How WCRI is advancing the next generation of women in science
Even though women have made tremendous progress towards closing the gender gap in science, technology, engineering and mathematics (STEM), they remain underrepresented at all levels in these fields. As we celebrate the International Day of Women and Girls in Science on February 11, we are reflecting on our role at Women’s College Research Institute (WCRI) in inspiring the next generation of female scientists.
The progress of women in health research, from entry to leadership positions, is often described as a leaky pipeline. Women, particularly those from marginalized populations, tend to drop off this career trajectory in greater numbers than men. Some of the barriers women may encounter while pursuing a career in research include time spent on family responsibilities, unconscious sex biases that limit opportunities and less institutional support compared to male counterparts.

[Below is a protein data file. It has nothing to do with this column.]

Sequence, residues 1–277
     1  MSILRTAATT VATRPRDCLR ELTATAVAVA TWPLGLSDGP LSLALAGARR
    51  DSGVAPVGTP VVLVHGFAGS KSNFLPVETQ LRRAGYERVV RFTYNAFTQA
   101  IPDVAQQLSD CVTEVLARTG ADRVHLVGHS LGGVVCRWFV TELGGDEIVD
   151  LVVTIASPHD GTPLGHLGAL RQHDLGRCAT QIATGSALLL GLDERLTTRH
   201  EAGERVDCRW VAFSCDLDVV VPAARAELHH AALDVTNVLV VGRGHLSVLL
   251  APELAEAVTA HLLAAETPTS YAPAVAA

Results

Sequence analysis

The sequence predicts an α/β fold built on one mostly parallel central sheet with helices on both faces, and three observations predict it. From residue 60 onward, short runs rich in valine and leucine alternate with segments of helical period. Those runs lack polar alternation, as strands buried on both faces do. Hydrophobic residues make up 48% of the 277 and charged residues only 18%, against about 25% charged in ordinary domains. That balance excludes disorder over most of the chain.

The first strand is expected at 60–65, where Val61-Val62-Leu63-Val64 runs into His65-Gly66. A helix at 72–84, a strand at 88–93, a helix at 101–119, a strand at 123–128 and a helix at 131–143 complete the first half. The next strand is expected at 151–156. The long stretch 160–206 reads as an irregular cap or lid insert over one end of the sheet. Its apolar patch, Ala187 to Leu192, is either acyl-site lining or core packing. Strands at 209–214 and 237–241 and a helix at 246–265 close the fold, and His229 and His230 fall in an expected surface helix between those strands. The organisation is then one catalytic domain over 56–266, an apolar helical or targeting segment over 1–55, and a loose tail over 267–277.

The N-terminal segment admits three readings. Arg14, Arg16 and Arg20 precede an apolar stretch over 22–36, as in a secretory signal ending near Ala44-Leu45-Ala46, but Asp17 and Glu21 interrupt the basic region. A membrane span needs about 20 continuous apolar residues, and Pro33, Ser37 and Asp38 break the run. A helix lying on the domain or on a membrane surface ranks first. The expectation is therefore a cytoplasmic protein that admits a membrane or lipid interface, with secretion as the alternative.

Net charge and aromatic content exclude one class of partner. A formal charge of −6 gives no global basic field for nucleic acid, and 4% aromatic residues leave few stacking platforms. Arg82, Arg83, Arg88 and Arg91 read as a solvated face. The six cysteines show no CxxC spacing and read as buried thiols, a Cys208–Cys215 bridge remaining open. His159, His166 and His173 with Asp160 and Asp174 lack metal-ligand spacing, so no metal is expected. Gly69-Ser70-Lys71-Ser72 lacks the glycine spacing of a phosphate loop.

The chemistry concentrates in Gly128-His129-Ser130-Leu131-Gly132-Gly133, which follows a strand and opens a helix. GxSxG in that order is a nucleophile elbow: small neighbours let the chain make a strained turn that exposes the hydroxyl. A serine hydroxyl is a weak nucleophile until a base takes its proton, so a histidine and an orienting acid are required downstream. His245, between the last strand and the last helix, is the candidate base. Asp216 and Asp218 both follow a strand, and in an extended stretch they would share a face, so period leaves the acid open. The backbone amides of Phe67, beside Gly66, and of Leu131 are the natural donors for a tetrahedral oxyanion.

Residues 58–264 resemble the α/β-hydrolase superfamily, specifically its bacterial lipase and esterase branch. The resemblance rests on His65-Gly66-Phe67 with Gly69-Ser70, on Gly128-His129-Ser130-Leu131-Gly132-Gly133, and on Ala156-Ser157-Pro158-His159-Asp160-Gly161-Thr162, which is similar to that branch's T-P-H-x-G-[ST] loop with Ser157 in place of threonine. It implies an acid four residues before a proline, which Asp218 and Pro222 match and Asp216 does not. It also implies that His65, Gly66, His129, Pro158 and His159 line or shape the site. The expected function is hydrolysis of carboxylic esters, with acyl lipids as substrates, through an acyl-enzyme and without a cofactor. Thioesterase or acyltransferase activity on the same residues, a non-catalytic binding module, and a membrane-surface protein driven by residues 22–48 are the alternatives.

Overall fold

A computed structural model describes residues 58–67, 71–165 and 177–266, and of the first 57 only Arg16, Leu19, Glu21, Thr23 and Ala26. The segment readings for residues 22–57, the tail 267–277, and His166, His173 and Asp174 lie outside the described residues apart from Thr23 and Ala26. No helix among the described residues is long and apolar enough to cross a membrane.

As a leader in the health of women and sex and gender research, we know that diversity enhances excellence in research, supports equity for all and broadens the scope of health research to address health disparities across all populations. We also have a strong history of supporting women along their career path at WCRI, from early engagement to advancement in leadership and decision-making positions. WCRI is unique in that half of the appointed scientists are women and it is lead by a woman vice-president of research.
Another area of importance for WCRI is providing opportunities for mentorship and investing in the next generation of female scientists through our Summer Student Research Program. The program reaches out to undergraduate, graduate and health professional program students in the formative stages of their education who may be considering a career in research. Approximately 80 per cent of past students from the program were women, and in the 2019 call for applications 90 per cent identified as women or gender-diverse individuals. This great interest from women at the early stages of their health research careers is a strong indicator that WCRI is creating an environment where women feel that they will be supported in their pursuits to become leaders in science.